This is my third attempt at making kefir. Worth the effort because although the shop-bought organic one is delectable (especially Riazhenka baked milk) I am less enamoured of its plastic container and price. (And availability since it was featured on BBC’s Trust Me, I’m A Doctor and everyone went mad for kefir).
Enter a blog post on kefir by Penny’s Plate, a Bristol-based nutrionist. My third kefir adventure had begun.
Penny kindly offered me some kefir grains, and dropped them off at our local healthy food shop.
It gets better. When I picked up the grains at Harvest Bristol Cooperative, I was delighted to find them in a jar with a darling fabric cover (see pic above) secured with an elastic band (the metal lid was while it was being transported).
This has made everything possible. I have hitherto never achieved such a natty arrangement.
The other good thing was the size of the jar. Up-to-now, I had made a pint and got overwhelmed by the amount.
If you don’t like the tangy taste of kefir, add it to a banana smoothie.
Why kefir? This fermented food certainly feels soothing. Apparently it helps line the gut – and a healthy gut lining enables the absorption of nutrients. According to kefir enthusiasts, it is better than yogurt because its healthy probiotic bacteria actually colonise the gut.
Newbie kefir tips
Find someone making kefir and beg them for grains. When they arrive, put in a clean jar and top with fresh milk. Don’t fill to the top. Cover with a breathable lid and leave to ferment for 24 hours away from direct sunlight.
Strain through a plastic (not metal) sieve and drink (or store in the fridge). Start again with the strained kefir, a clean jar and fresh milk. Store unused kefir grains in the fridge covered in a little milk. The cold slows down activity.
It is good to have a kefir buddy. Tasting Penny’s kefir gave me an idea what I was aiming for. I asked questions, was reassured by her replies. I felt like a new breastfeeding mother unsure of this natural yet unknown activity.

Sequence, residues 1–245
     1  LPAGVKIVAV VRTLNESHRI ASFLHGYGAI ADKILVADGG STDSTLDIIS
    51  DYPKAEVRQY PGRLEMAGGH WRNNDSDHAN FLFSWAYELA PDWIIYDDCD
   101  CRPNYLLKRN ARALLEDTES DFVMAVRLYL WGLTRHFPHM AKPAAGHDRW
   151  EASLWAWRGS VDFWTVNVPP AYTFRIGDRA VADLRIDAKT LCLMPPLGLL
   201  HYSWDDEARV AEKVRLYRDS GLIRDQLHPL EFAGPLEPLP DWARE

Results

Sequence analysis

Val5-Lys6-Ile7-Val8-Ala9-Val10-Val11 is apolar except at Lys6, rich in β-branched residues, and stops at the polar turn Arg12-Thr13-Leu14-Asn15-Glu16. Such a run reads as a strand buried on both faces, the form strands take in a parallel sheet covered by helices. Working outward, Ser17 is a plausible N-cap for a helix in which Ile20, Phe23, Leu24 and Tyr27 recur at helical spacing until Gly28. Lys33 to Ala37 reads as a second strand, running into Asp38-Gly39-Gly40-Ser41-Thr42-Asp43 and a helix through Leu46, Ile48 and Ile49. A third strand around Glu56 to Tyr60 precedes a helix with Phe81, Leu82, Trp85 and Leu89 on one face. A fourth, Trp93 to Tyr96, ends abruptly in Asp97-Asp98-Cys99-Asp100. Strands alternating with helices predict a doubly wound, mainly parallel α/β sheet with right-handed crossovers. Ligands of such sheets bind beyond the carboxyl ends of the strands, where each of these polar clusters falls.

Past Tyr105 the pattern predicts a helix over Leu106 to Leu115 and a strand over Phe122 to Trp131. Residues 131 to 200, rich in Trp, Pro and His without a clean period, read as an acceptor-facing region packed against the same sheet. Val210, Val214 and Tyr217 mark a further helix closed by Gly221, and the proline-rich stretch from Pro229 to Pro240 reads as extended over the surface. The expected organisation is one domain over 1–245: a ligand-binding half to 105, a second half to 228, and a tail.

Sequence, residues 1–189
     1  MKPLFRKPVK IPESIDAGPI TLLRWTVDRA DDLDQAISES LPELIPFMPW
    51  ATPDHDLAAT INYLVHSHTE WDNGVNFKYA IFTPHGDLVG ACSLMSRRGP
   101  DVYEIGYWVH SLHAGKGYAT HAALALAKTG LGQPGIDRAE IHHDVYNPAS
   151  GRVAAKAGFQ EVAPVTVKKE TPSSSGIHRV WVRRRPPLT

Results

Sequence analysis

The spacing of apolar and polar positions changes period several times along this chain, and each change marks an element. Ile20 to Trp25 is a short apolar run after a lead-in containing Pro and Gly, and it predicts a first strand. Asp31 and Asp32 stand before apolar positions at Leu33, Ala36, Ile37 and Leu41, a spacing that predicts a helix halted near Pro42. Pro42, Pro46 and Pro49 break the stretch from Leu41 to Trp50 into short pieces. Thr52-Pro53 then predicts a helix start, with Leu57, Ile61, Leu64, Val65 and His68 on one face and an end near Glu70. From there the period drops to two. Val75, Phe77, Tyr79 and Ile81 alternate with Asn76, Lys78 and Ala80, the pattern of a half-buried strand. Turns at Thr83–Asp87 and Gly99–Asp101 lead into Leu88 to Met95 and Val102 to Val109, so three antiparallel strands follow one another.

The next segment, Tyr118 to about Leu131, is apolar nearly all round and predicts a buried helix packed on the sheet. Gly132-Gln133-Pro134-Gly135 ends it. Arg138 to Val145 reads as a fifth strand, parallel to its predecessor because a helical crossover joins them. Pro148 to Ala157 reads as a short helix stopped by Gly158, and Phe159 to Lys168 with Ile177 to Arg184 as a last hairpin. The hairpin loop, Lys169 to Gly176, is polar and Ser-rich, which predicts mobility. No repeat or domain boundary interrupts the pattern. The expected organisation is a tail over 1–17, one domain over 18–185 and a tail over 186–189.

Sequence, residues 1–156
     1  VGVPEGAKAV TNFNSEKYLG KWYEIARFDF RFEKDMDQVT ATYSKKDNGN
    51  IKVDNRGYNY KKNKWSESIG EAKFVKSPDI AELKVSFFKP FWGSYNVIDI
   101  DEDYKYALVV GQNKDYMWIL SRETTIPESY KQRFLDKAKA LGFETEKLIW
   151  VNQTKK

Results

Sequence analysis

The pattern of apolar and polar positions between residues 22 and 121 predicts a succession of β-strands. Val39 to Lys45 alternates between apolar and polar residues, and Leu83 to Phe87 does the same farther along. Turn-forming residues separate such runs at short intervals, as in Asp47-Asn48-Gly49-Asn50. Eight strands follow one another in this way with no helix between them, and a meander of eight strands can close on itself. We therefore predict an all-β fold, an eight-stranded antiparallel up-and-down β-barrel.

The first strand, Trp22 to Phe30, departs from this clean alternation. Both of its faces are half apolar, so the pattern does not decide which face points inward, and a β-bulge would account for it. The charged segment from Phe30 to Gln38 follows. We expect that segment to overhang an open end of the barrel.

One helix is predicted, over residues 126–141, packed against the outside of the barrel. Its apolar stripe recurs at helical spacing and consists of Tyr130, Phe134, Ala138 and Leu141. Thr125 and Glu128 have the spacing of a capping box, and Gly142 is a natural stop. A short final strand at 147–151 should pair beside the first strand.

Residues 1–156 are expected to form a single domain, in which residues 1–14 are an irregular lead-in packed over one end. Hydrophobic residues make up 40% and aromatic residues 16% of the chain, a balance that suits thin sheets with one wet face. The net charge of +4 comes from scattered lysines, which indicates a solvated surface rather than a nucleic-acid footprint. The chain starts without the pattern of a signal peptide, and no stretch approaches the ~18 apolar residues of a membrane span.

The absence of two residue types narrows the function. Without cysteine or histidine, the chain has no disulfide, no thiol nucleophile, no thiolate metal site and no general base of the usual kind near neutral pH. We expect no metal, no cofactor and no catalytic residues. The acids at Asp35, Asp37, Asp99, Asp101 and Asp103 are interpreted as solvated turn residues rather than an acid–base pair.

Start small with less than half a pint of milk in a jar. Don’t fill it to the top but leave room in the jar for kefir to breathe.
Get a fabric lid cover cut in a circle to fit generously over a jar with an elastic band to secure it. The cover needs to be breathable and clean. You could use a paper towel. Don’t forget the runner band.
Successful kefir is down to the freshness and quality of the original ingredients – so choose organic milk if you can, and as fresh as possible.
As for all great achievements, you have to get a bit obsessed. You have to fuss over your kefir, check it, swirl it, send anxious texts to your kefir buddy, look up kefir sites (one of my favourites), and hurry back home to check it is not feeling abandoned.
Kefir grains are not really grains. These grain lookalikes are actually clumps of good bacteria and yeast formed from feeding on the milk. And when recipes say “refresh” the grains, it means give them fresh milk (not water as I have mistakenly done!).
You can make vegan kefir. Like kefir ginger beer. This is how ginger beer used to be made. The real thing.
Use room temperature milk. I had what the French call a mauvais quart d’heure when I thought I had murdered my grains with icy milk. I think they just slowed down. They seem to be recovering nicely now. Thank you for asking.
The lucky people of Stroud can now get kefir made from raw milk. Check out the Stroud Micro Dairy which is situated on Oakbrook Farm, farmland secured by the Biodynamic Land Trust so it will be sustainable farmland for generations to come.
PS I am now communications manager for the Biodynamic Land Trust.
Do you make kefir? Any newbie tips?